Some wonder why International Women’s Day should be observed on a single day of the calendar year. Despite President Barack Obama’s declaration of March as “Women’s History Month”, the question persists. Why demarcate a single day or month for a cause? Surely that is patronising to women?
Certainly, in an ideal world, every day ought to be a celebration – not of any segment of society, but of all of humanity. However, in a still-unequal world, a month that celebrates women’s achievements is an important reminder of the need for a more gender sensitive and equitable society. Much may have been achieved, but inequalities persist in fields of business, politics, health, education, arts and entertainment, and violence towards women remains a relevant issue worldwide.
Technology may have done much to level the playing field. Physical strength is no longer the index of success in the world. We no longer live in times where might is right and brute force is supreme. This has done much to create a meritocracy where women have attained positions of excellence in diverse fields. However, much is still to be achieved. It is incredible that in the 21st century gender discrimination is still an issue.
In terms of spiritual attainment, the gender issue has always been irrelevant. The history of this subcontinent is replete with examples of great women mystics – AkkaMahadevi, Lal Ded and Andal to Mirabai. Indeed, the yogic tradition is based on a fundamental assumption – biology is not destiny – which renders every argument based on physical superiority, utterly superfluous.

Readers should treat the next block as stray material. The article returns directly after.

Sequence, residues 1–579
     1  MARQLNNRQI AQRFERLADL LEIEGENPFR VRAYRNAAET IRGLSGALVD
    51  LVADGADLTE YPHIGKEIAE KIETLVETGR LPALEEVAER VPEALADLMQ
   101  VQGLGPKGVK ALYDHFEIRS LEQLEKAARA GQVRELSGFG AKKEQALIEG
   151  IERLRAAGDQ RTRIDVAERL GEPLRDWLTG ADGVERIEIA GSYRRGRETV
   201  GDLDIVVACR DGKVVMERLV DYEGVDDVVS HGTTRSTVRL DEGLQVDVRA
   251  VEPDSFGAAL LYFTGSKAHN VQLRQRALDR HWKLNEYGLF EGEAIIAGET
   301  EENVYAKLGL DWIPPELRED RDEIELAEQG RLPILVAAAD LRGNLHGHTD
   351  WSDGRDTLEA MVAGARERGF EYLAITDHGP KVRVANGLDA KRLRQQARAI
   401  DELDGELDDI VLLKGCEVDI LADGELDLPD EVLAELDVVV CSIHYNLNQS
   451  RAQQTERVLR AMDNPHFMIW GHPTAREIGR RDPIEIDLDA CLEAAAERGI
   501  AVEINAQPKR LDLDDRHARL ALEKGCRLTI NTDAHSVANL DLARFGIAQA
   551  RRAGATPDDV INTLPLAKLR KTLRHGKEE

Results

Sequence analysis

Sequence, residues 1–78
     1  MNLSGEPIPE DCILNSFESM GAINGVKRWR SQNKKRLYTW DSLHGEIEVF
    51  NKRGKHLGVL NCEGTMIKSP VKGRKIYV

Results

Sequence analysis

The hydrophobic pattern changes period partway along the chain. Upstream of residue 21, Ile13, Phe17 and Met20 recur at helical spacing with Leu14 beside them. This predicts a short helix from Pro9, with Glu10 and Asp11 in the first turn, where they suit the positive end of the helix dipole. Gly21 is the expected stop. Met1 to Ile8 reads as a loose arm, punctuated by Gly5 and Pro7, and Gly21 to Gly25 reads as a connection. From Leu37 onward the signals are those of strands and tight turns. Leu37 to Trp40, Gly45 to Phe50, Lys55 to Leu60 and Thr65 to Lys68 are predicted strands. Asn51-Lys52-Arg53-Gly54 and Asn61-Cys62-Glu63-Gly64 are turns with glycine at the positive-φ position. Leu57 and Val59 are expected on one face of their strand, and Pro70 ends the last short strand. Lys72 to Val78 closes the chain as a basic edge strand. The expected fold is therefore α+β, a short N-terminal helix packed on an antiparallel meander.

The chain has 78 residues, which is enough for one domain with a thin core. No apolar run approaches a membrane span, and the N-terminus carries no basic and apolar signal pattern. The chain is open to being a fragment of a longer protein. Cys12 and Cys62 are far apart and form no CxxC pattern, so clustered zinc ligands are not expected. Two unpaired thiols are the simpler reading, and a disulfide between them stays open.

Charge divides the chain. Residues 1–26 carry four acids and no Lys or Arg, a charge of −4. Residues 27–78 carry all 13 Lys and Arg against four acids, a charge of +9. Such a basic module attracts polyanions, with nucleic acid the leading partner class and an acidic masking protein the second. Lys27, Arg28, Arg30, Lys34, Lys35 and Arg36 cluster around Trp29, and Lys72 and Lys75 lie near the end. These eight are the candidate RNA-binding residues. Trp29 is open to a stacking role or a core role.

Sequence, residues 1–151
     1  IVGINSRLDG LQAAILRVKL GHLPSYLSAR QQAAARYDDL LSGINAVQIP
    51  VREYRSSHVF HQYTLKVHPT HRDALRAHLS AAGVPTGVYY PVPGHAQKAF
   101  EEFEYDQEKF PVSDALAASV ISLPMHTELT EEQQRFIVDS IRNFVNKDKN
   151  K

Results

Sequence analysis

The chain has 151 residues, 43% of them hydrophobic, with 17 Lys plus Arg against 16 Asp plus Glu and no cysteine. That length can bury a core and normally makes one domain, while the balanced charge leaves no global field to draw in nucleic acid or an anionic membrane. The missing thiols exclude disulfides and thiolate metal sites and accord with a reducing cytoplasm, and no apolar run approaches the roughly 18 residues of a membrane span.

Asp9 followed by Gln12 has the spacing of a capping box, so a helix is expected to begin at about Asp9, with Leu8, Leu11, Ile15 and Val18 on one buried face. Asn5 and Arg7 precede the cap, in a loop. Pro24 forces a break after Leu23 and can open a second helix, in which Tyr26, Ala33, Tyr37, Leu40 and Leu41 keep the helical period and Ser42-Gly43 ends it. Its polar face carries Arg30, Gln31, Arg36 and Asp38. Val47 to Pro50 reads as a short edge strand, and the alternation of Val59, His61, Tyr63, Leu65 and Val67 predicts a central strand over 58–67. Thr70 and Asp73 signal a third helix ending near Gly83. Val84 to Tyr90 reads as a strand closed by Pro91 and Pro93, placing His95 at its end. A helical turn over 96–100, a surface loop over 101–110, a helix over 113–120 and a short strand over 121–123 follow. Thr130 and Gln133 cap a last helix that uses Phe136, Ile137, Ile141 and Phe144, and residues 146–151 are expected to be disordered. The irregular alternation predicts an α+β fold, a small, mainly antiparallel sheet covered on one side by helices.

However, while modern society may pride itself on replacing the law of the jungle with so-called civilised conduct, the fact is that human civilisation still views economic success as the primary marker of human achievement. This is a myopic view. To replace the law of the jungle with the law of the marketplace, physical bicep with economic muscle, is a brutish and impoverished way to live. Art and aesthetics, beauty and subtlety, love and spirituality can never flourish in such a world. The value of motherhood, nurturance, gentleness and the tremendous importance of work in the home will be trivialised. In our bid to banish discrimination, we will banish diversity as well. Equality does not mean standardisation. Equality of opportunity means expanding the spectrum of choices available to women, not narrowing them according to a tunnel-visioned notion of success.
Swami Vivekananda said that if we offered education to all and left women to themselves, they would work out their own destinies. “All the mischief to women,” he said, “has come because men undertook to shape the destiny of women.” He reminded us that being female was not a handicap, and to over-emphasise differences between genders is a form of paternalism. While redressing the balance, it is important not to divide a single species into two. As members of the human race, we need to move towards an inclusive universality, not a reverse biological bigotry.
This month we can begin by reminding ourselves of the many ways – from the tangible to the subtle and intangible – in which women we have known have enriched our lives. In that simple act of gratitude, we can perhaps take a small step towards a more equitable world – one that offers equal opportunity for everyone to express their own uniqueness.
(The writer works with Isha Foundation, India)